This is one of the first-ever studies to compare the protective strength of all coronavirus vaccines currently available in the USA.
The coronavirus (COVID-19) has mutated to produce a staggering 1,500 variants in the process of infecting over 270 million people worldwide. The latest variant, known as Omicron, is causing concern due to the speed of its spread and apparent resistance to current vaccines. Therefore, experts must test the efficacy of vaccines currently approved in the USA against this mutation.
A new study has achieved this. The white paper, which is still awaiting peer review, investigated which vaccine provides the most significant protection against the Omicron variant, if at all. The Moderna, Pfizer, and Johnson & Johnson (J&J) vaccines were tested by researchers from Massachusetts General Hospital – with findings suggesting that a complete vaccine series consisting of 2 injections followed by a booster shot several months later was the only protection available against Omicron.
The team stated that of the three vaccines tested, the Moderna and Pfizer mRNA vaccines offered the most protection against present and future variants, advising that recipients of the J&J vaccine will probably need more than one booster shot.
Previously, the researchers developed a test to understand differences in immunity produced by different vaccines against this constantly transforming disease. They used this assay to test the component of blood plasma left after clotting, known as sera – the best way to isolate and measure the number of disease-fighting cells known as antibodies in the blood.
All 239 participants had received either the mRNA-based Pfizer and Moderna vaccines or an adjuvant from J&J, which uses a deactivated part of the virus to produce an immune response. Of the individuals tested, seventy volunteers had received an mRNA vaccine booster six months after their primary vaccination series.
The scientists grouped participants according to whether they had a history of COVID infection and when they completed their primary vaccination series consisting of two injections (between 3 to 12 months earlier). Additionally, they ensured that boosted individuals had no history of COVID infection.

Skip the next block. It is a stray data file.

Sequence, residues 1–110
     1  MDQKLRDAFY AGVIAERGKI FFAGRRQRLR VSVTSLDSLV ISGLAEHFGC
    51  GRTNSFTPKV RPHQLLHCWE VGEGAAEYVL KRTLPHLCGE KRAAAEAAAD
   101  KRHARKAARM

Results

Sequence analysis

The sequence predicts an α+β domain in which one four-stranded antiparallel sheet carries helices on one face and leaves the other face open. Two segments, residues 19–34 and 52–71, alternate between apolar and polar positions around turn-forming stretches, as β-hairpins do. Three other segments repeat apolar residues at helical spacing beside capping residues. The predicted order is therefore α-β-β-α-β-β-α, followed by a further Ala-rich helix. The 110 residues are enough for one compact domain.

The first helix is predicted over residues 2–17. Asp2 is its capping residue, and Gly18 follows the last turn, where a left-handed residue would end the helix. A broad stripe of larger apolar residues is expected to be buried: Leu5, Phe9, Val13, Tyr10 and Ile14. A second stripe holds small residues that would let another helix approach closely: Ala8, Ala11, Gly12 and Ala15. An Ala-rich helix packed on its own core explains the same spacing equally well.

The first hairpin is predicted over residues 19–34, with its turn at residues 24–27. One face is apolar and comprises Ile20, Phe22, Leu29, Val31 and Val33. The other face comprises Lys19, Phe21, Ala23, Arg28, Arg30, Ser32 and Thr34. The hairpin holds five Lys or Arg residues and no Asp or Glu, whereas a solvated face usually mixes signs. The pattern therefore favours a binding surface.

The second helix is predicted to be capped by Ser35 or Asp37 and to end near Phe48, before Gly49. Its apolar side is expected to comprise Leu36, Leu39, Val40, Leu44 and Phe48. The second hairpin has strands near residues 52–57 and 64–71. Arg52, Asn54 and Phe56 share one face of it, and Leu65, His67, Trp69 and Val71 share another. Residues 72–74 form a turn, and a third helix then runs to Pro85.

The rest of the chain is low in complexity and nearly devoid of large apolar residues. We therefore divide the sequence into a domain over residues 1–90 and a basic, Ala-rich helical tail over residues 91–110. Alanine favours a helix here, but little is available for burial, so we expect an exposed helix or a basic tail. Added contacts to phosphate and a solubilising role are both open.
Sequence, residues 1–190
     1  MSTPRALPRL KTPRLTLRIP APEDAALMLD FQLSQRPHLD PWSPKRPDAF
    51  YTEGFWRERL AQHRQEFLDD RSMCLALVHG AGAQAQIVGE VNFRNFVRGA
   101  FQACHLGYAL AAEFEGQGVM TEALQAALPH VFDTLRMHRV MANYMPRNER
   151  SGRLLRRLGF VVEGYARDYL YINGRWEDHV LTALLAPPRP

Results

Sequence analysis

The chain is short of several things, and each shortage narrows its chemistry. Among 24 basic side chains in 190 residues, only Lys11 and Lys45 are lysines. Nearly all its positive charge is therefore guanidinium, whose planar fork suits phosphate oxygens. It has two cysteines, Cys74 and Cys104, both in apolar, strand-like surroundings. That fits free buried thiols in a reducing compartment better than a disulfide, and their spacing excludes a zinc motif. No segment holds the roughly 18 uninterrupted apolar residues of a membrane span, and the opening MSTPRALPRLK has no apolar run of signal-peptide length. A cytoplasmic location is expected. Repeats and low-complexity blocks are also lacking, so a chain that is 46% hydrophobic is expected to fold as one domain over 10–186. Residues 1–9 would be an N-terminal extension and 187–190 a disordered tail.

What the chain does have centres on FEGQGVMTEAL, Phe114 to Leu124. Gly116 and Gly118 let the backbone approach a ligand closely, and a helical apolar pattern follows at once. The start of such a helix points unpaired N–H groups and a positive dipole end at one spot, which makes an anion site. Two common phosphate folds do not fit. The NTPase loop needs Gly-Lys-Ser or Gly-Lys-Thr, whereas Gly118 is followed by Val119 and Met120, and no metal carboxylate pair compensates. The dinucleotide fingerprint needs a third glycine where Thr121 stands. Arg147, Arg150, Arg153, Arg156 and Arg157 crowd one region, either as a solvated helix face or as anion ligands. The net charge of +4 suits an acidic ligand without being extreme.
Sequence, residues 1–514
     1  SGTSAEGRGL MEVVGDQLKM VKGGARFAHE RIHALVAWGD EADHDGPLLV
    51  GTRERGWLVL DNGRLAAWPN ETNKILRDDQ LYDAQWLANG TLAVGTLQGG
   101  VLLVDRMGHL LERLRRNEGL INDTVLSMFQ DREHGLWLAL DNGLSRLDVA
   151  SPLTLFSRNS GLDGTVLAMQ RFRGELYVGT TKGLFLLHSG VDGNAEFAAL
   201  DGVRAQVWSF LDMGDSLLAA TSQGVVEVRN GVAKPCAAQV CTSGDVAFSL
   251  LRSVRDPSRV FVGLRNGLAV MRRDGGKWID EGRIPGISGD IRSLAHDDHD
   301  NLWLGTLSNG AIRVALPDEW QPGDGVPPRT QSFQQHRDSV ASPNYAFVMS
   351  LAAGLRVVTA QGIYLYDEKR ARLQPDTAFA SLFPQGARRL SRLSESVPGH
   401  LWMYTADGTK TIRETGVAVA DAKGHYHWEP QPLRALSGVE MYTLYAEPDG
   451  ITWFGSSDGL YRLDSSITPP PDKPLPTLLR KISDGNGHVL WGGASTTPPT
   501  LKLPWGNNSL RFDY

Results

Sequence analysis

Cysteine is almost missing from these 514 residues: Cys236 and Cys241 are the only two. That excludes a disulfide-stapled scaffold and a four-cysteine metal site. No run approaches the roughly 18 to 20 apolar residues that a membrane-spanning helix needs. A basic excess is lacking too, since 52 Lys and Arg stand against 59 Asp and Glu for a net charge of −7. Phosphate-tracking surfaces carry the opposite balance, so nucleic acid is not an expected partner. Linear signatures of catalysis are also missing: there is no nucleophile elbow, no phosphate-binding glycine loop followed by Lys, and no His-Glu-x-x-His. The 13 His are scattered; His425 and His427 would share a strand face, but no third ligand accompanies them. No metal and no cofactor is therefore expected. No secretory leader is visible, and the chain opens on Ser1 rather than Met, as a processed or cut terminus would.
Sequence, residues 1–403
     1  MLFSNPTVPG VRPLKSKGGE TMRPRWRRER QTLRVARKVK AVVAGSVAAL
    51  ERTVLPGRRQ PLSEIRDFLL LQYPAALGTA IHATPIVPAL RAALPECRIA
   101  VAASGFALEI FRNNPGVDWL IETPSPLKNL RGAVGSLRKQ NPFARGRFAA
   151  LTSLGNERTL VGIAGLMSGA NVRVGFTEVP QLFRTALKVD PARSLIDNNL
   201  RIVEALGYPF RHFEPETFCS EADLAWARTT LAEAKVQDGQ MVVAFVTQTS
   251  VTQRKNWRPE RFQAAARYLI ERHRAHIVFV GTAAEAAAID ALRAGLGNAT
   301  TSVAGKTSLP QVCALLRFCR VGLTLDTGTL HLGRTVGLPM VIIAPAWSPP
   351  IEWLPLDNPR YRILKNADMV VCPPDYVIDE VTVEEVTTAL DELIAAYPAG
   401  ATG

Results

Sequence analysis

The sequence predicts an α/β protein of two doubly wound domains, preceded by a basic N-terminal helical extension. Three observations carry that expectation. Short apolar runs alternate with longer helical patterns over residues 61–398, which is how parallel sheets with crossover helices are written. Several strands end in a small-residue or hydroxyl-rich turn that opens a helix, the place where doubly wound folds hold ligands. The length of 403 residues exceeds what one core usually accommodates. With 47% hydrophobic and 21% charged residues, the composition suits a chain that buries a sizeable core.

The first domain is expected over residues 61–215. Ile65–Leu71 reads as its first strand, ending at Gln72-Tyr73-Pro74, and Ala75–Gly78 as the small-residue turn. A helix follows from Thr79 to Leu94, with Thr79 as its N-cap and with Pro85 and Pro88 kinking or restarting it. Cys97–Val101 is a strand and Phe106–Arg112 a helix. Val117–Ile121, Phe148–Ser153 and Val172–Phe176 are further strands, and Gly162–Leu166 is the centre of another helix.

Remarkably, all three vaccine series resulted in undetectable neutralization of Omicron, but individuals boosted with either the Pfizer or Moderna mRNA vaccine could fight this strain.
The researchers also tested all three vaccines against the original virus known as COVID-19, which emerged in Wuhan in November 2019 – and the Delta variant, a virulent mutation first identified in India in late 2020.
Results showed that previously infected individuals who finished their vaccine series over six months ago exhibited higher levels of protection against COVID-19, Delta, and Omicron compared to those who had never had COVID – suggesting that previous infection proffers enhanced immunity. Despite this, boosted individuals with no history of COVID infection exhibit substantially higher immunity to Omicron than either of these groups.
The researchers found that the Moderna and Pfizer mRNA vaccines offer significantly greater immune responses against all variants than the J&J vaccine. To counter this, the group says that a booster shot can improve protection rates of recipients of the J&J series but add that this won’t match the level of antibodies seen with mRNA primary vaccination followed by mRNA booster. Taken together, this suggests that recipients of the J&J vaccine series may need additional mRNA boosters to raise antibody levels in the blood.
The extensive study established that Omicron is more infectious than any other variant tested. With assay results indicating that this variant is nearly four times more infectious than COVID-19 and twice as infectious than Delta. However, the results suggest that the Omicron infection is less severe than COVID-19 or Delta, but it should be noted that the results involve fully vaccinated individuals.
In the long term, volunteers fully vaccinated with Moderna over six months ago had higher levels of antibodies in their sera than those opting for Pfizer. But this made no difference when dealing with Delta, which saw all recipients of vaccine series over six months ago lose the ability to neutralize this variant – with only those fully vaccinated under three months ago or recently boosted able to fight it.
Overall, the group concludes that receiving the booster dose of an mRNA-based vaccine appears to be the only defense against Omicron and the Delta variant for long-term protection. Furthermore, they feel that widespread booster programs could curtail any variant set to emerge in the future.
Source: medRxivMedical photo created by freepik – www.freepik.com
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